Peace activists have been expressing their sadness and shock at the unexpected death of pacifist writer and campaigner Howard Clark. Clark, the chairperson of War Resisters International (WRI) died in Spain on Thursday (28 November).
In addition to campaigning against militarism in Britain, Ireland, Spain and the Balkans, Howard Clark wrote several books on active nonviolence and ran training on nonviolent resistance for people in South Africa and Kosovo.
Clark served as editor of Peace News from 1971 to 1976 before joining the staff of WRI from 1985 until 1997. Between 1995 and 2000, he trained volunteers for the Balkan Peace Team, who travelled to Kosovo, Croatia and Serbia.
Born in Britain, Clark later moved to Spain to live with his Spanish partner. In 2006, he was elected to the voluntary role of chairing WRI.
Announcing Clark's death on Friday, WRI issued a statement saying, “He is leaving a gap we are still unable to fully grasp. War Resisters' International is losing with him a good friend, a tireless and committed peace worker, a sharp mind and organiser, and his institutional memory reaching back many decades.”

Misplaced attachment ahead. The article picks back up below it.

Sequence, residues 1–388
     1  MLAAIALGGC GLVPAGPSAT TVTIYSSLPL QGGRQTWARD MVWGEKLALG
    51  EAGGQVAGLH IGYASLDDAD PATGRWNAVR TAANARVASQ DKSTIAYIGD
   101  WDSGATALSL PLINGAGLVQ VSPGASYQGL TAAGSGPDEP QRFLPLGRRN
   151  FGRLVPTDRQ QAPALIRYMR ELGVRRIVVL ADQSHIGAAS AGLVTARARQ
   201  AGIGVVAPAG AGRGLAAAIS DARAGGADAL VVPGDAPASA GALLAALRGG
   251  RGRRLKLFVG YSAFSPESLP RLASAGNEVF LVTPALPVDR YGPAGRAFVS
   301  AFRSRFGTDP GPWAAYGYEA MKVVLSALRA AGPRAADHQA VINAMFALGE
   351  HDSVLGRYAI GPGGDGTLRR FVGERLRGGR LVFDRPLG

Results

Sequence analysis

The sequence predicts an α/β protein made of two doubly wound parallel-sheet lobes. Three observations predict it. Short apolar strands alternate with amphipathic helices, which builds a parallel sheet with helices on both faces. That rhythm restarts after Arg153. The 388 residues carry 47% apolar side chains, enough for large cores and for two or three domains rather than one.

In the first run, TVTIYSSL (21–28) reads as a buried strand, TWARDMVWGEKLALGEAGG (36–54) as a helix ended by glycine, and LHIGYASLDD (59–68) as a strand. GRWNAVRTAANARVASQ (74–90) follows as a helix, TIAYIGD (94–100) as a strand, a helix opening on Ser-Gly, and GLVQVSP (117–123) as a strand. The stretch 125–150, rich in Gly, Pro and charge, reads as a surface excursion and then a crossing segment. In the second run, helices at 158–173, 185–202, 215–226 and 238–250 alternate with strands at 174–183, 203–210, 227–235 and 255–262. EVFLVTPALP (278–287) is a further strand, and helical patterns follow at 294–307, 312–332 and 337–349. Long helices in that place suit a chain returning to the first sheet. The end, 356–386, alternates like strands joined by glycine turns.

They added, “Our thoughts are with [his partner] Yolanda and their two children, Ismael and Violeta, at this tragic time.”
Clark wrote a number of books, most recently editing People Power: Unarmed resistance and global security, published in 2009. In 2012, he updated his seminal pamphlet Making Nonviolent Revolution to include reflections on the Indignados and Occupy movements.
The editors of Peace News described him as a “constant supporter, board member and friend”. They added that his whole family “were regulars at the Peace News Summer Camp where they made many friends who will share our deep sorrow at Howard's passing”.
Christian pacifist Symon Hill, an associate of the Ekklesia thinktank, said he was “shocked and saddened” by the news. He explained, “I was one of the uncountable number of people around the world to have been inspired by Howard Clark's work. His writing helped me to clarify my own thoughts and understanding.”
WRI are expected to open an online book of condolences, while Peace News are planning to reprint selections of Howard Clark's contributions to the paper.